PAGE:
The Capitals Coalition is an umbrella body for investors, major employers (including Coca Cola, Dow Chemical and Unilever) and nongovernmental organizations, whose aim is to encourage businesses and governments to include all the capitals in their decision making, resulting in a fairer, more sustainable world economy.

The coalition’s Human Capital-Occupational Safety and Health Working Group is a group of leading safety and health professionals dedicated to raising awareness of the vital role the profession plays in human capital management.

“People are at the core of every thriving business and their health, safety and well-being contribute to how well the business thrives,” says Kathy Seabrook, working group member and past ASSP Solutions Inc. consultancy.

Louise Hosking, an independent consultant working predominantly with small and medium sized companies also sits on the working group; she says that the vital role safety and health professionals have played during the pandemic can be leveraged to highlight its importance in weighing human capital with the other capitals. “Health and safety has been under a spotlight,” she says,“but actually we want it to be part of the DNA of a business, in balance with other aspects. This is what makes businesses sustainable.”

Members of the group speak at business conferences and forums highlighting how OSH professionals can show businesses how to create arrangements for transparent reporting of safety and health metrics that boards and stakeholders can easily understand.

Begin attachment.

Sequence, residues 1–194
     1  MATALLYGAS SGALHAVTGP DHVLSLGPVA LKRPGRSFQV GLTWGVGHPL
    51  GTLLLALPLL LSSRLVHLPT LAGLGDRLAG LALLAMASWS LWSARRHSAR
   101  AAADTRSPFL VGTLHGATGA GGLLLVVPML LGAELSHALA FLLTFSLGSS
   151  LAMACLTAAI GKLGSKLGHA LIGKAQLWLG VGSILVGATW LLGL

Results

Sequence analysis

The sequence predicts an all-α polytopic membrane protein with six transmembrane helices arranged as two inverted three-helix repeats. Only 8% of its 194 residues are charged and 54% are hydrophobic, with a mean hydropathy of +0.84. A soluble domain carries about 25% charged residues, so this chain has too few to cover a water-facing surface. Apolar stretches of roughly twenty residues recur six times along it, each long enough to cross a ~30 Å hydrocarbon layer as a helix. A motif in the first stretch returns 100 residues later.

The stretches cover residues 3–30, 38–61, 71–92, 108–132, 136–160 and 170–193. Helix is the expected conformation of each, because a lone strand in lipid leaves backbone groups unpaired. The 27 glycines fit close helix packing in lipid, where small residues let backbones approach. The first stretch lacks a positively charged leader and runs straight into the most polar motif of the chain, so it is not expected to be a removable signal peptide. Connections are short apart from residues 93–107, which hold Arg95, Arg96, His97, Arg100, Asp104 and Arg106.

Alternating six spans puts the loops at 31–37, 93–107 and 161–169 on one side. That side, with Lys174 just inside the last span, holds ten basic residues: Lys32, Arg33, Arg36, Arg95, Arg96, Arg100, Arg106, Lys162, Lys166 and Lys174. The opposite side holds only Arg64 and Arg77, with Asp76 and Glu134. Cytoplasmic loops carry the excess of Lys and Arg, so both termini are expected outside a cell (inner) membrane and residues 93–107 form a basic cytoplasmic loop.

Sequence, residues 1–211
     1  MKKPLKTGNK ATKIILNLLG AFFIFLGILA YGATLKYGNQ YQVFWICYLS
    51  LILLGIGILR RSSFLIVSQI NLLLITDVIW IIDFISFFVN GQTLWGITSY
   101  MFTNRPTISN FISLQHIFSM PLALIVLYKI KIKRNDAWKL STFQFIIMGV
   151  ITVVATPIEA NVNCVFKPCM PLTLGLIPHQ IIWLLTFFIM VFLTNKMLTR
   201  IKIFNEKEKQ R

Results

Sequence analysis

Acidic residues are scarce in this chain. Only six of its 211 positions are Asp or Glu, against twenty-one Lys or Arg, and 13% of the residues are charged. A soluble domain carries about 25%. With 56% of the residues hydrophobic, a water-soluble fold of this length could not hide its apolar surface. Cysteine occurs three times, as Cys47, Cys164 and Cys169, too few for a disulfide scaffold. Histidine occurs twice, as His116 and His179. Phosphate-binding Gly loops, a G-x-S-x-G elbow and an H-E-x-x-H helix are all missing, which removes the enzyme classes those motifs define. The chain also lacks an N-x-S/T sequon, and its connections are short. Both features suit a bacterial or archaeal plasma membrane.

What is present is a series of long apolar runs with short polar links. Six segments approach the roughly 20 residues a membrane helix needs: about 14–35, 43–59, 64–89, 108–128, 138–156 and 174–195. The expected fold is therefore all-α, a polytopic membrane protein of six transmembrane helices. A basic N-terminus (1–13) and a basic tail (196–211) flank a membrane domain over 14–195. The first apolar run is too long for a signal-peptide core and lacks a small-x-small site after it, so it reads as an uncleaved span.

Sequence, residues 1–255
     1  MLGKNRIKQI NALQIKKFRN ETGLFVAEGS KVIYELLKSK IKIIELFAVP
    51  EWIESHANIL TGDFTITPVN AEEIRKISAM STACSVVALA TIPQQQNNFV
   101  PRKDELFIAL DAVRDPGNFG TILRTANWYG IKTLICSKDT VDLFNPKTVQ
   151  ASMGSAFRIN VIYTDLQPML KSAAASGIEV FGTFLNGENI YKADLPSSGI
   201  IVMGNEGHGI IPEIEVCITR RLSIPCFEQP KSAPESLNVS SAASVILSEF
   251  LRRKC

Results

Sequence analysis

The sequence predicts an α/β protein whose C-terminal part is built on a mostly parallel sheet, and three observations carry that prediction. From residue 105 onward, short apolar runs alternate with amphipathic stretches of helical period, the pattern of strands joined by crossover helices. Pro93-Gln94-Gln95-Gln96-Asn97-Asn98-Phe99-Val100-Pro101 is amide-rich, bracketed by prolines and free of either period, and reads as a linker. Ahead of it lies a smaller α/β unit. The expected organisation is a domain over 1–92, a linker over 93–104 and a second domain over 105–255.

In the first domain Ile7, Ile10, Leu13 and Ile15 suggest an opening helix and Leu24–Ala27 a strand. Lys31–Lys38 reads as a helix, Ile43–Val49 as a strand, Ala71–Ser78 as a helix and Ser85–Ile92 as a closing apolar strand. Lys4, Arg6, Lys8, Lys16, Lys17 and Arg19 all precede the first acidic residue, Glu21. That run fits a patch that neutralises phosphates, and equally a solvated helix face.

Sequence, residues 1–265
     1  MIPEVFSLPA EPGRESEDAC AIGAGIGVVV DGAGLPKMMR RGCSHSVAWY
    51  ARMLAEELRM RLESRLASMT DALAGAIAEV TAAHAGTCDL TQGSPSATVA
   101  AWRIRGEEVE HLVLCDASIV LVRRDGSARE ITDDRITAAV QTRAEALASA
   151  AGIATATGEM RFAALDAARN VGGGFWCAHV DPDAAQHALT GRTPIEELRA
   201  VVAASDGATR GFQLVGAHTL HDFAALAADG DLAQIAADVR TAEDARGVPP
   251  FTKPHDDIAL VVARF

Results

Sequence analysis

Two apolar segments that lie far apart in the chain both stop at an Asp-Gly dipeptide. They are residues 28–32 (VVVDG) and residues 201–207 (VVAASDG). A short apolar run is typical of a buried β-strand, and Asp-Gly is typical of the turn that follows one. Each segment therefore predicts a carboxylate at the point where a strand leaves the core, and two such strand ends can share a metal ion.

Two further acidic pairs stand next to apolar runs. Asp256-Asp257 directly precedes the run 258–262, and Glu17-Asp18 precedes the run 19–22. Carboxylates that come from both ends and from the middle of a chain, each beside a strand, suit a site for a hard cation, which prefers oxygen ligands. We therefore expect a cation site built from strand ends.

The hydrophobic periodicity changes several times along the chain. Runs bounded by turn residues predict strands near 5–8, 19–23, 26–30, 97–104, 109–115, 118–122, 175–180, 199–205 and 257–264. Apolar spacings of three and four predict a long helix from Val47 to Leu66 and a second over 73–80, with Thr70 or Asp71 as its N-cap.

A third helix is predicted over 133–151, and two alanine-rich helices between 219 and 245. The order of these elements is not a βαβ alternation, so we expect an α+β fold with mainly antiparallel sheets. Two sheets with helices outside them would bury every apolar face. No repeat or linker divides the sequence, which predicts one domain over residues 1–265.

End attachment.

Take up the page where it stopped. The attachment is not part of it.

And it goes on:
“Clear reporting and alignment with UN sustainability goals is not just for large organizations; they translate well into any size business,” says Hosking. “If we can improve reporting, we will achieve greater accountability and customers can make more informed choices, which improves standards and rewards sustainable businesses.”

As well as helping raise the profile of safety and health as a pillar of sustainable business management, the working group is helping promote and refine reporting standards such as the Global Reporting Initiative’s GRI 403, Occupational Health and Safety 2018 specification for health, safety and well-being policies and metrics and the Sustainability Accounting Standards Board’s industry standards that
define safety and health as a material issue to specific sectors.

Investor Pressure

Just as they helped direct corporate attention to environmental issues over previous decades, institutional investors are now beginning to ask questions of the organizations whose stock they hold about their human capital standards, including supply chain standards, diversity, and safety and health. In the case of some of the biggest investors, including church and state pension funds, this is driven by a desire to see their money work for the good of society as a whole and not to reward employers with poor labor standards. But the wider investment community and the fund managers it employs are increasingly making the
connection between good ESG management and good business.